No phone calls please

No phone calls please

Ads for openings in broadcasting look good. You read it and when it looks like something you’d be good for, you no doubt start to fantasize by seeing yourself in that position. Anchor or reporter. News or sports. Play-by-play. Whatever it is, you’re ready! So, you ready your demo reel and your resume. You agonize over every word in your cover letter. And you send off your package—attaching postage to a dream…

Sure, want ads can look great. But stop and think for a second. Think about where you’re seeing that “employment opportunity.” The Internet? A national magazine or some other prominent publication? Well, remember this. If you can see this advertisement, think of how many others can see this. How many thousands. Millions! Go ahead and answer the ad, but prepare for the consequences—that is heavy competition where you’re on a relatively equal footing with hundreds of others who are answering as well.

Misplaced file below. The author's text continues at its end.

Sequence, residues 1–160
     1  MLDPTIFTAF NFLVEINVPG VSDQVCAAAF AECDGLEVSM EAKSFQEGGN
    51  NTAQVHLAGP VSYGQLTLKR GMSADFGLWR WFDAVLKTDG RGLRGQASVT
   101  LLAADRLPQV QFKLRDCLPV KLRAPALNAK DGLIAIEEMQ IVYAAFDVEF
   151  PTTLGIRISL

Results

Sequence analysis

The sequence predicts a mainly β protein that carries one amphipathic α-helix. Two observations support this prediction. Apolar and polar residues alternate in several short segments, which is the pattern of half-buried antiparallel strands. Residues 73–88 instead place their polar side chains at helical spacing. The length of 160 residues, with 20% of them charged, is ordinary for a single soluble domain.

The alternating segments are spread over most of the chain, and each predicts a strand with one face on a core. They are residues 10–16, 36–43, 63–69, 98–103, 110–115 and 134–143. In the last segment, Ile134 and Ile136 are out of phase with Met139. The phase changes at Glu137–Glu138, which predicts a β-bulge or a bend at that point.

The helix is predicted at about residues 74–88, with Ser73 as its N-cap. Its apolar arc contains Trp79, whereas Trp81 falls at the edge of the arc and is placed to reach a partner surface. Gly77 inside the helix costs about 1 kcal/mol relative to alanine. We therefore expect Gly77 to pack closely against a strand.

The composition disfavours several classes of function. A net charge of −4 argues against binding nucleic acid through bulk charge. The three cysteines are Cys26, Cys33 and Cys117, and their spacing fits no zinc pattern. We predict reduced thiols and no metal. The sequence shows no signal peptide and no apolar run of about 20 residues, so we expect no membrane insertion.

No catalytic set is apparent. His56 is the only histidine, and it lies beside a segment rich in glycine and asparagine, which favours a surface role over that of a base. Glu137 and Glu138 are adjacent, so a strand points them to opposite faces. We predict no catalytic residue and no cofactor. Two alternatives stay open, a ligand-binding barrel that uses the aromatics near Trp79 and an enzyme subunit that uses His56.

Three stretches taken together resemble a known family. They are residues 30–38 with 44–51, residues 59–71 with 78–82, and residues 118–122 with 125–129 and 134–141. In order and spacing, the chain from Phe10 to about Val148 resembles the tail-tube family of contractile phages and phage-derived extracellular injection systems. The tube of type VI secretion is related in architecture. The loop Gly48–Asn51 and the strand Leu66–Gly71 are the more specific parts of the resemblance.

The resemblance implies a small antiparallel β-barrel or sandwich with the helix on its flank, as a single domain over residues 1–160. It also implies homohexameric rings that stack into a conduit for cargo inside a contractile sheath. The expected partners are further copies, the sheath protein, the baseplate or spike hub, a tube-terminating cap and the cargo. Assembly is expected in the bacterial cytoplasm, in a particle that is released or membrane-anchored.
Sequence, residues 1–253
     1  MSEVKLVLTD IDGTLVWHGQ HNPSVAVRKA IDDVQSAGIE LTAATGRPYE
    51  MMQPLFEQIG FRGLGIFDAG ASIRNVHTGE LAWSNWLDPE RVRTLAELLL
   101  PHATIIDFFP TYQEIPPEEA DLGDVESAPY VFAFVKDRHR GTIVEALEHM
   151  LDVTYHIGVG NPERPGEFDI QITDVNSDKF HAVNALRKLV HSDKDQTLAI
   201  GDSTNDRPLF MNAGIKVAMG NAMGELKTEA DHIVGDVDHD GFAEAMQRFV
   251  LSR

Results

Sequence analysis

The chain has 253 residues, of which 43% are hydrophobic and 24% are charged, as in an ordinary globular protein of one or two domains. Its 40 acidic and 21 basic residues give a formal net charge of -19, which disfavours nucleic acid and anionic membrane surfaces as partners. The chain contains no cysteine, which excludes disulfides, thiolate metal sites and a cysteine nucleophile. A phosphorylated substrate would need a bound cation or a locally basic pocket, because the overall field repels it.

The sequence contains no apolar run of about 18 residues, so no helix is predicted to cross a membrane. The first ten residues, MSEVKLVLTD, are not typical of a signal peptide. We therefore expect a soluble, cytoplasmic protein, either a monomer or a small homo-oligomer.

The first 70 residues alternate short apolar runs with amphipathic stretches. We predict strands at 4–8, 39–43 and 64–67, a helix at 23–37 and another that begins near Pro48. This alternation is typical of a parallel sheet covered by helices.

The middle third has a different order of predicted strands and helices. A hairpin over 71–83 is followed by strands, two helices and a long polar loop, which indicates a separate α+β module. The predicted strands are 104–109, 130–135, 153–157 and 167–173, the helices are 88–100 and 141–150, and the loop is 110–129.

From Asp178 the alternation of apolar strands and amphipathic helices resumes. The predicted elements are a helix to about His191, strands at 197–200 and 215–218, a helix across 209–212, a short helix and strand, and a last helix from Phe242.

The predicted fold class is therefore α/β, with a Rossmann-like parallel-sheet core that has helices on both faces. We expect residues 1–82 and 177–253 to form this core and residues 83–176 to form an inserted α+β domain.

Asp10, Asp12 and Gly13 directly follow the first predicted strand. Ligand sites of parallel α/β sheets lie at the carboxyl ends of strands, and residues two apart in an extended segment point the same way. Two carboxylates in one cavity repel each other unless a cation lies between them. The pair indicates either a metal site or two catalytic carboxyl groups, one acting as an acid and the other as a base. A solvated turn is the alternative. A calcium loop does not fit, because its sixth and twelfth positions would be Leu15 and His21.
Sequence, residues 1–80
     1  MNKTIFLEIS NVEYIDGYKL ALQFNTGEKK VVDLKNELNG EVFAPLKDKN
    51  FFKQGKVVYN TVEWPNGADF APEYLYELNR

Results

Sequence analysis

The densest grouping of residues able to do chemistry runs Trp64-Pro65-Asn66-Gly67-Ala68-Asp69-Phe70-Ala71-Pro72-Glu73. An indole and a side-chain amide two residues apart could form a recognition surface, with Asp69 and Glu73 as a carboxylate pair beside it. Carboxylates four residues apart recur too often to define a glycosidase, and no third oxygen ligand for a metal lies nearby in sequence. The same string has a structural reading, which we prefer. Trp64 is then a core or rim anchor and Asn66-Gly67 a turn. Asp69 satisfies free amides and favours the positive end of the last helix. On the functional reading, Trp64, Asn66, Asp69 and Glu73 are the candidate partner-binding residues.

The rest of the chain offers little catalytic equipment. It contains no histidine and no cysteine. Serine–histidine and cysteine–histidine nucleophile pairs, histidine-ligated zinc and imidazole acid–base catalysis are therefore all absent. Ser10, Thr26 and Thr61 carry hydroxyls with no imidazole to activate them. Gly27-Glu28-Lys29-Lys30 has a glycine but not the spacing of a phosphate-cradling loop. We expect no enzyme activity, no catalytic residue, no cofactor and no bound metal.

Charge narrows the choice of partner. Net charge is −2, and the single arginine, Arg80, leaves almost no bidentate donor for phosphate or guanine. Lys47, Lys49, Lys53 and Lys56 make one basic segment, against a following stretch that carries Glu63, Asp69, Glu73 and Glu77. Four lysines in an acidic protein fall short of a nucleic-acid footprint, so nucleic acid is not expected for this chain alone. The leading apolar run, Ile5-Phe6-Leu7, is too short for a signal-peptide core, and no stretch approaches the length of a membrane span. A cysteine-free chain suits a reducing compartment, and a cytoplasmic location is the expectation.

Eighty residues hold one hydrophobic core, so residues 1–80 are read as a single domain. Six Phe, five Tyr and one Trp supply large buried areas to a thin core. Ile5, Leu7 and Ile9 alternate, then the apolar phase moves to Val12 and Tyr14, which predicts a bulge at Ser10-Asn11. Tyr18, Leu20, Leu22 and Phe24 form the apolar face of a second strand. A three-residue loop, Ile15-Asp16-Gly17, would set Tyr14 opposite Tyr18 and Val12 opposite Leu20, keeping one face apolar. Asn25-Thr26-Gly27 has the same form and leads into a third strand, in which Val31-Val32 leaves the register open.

Many of these ads discourage follow-up with the deadly order “No Phone Calls Please.” How do you get around this? Try a different tack: an e-mail or snail mail letter might help. One thing I recommend is to try to get to know someone in the News Director’s news room. Do your research that way. In time, you might find out what the News Director will accept in terms of correspondence from you. This could very well give you that leg up your looking for.

At we can help you strategize when News or Sports Directors tell you No Phone Calls Please.

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